YouTube's Billion-Dollar Payout Provides New Revenue for Musicians

With the industry shifting from download sales to streaming music, artists find new value online

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Andrew H. Walker/Getty Images for YouTube
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A YouTube executive's recent revelation that the company has paid more than $1 billion to the music business over the last few years was no surprise to artists who’ve noticed an increase in online-video money on their royalty statements. "YouTube income keeps going up. It has gone up every single accounting period," says Josh Grier, an attorney who represents Wilco, Bob Mould, Ryan Adams and others. "Those who I made deals for a few years ago, and [who] bought into the game, are getting money."

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The $1 billion statement by Tom Pickett, YouTube's vice president of content, at a Midem conference panel in Cannes, Frances, speaks to the growing importance of streaming revenue in the record business. Although CD sales have been plunging for more than a decade, and song and album download sales leveled off last year, YouTube's ability to "monetize" a video with lucrative advertisements is growing into a crucial source of revenue.

"It's hard to imagine, in my lifetime, [the record business] ever getting as crazy as it was in the Nineties, where you couldn't help but make money," says Grier, whose clients mostly derive YouTube income from songwriting and publishing. "But there's definitely a feeling that if streaming can be turned into a primary way of delivering music, it's going to benefit the musicians in a number of ways."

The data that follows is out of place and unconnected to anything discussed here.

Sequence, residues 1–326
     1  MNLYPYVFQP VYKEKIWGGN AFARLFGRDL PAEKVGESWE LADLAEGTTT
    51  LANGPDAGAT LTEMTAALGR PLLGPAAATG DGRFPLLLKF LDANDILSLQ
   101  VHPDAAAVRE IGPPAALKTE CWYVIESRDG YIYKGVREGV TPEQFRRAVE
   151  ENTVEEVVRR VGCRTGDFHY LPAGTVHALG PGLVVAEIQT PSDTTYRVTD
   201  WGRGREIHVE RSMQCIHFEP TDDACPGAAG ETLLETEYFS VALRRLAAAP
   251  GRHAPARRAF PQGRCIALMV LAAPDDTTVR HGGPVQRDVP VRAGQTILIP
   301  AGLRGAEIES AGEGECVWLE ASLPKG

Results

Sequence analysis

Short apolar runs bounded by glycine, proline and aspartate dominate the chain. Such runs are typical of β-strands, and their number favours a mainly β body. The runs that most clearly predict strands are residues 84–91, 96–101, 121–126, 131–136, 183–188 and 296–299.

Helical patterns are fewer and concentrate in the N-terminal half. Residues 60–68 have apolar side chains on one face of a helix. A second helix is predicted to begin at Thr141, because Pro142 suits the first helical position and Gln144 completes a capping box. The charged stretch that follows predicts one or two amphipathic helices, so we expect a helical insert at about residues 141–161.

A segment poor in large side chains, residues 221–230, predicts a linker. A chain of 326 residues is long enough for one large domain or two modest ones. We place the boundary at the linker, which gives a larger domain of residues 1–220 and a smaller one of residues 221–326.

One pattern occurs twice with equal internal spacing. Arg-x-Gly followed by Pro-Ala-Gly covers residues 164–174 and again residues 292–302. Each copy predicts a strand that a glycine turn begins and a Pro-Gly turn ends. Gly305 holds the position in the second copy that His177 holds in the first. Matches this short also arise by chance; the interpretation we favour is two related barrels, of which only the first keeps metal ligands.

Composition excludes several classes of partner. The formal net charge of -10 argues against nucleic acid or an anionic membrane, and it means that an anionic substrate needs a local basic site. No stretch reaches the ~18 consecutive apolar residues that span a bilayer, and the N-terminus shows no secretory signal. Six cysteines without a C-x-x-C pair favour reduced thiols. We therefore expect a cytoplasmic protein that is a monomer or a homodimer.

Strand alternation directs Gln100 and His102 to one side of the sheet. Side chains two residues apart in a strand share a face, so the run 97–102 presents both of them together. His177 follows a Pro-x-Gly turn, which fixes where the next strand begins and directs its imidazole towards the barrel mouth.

YouTube doesn't divulge how much it pays performers, songwriters, labels and publishers in advertising revenue, but music-business sources say it ranges from 60 cents to $2 for every 1,000 views. A performer receives royalties every time a YouTube or Vevo user clicks on a video, and a songwriter usually gets money whenever a cover version of a song (as in Baauer's "Harlem Shake" spinoffs early last year) generates enough views to draw advertisements.

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Many in the record business are bullish about YouTube revenue, although some artist reps say they have yet to see significant money. "For most artists, it is not a lot yet," says Jamie Cheek, a business manager who represents prominent rock artists. "It is still a bit complicated to claim, and the dollars are often not worth all that effort to claim." Artists hoping to claim revenue off covers of their songs often must go through the cumbersome process of tracking down each video individually and seeing if YouTube owes them money from ads.

Still, many in the record business believe that will soon change due to a paradigm shift from download sales to streaming music. According to Nielsen SoundScan, music fans streamed more than 118 billion songs last year, a 32 percent increase compared to 2012 and the revenue equivalent of 59 million purchased albums. Beats Music recently launched a new subscription service for streaming music fans, and YouTube is planning one of its own sometime this year. "There is money being generated in this ad-supported model," Pickett said in Cannes. "It is going to artists."

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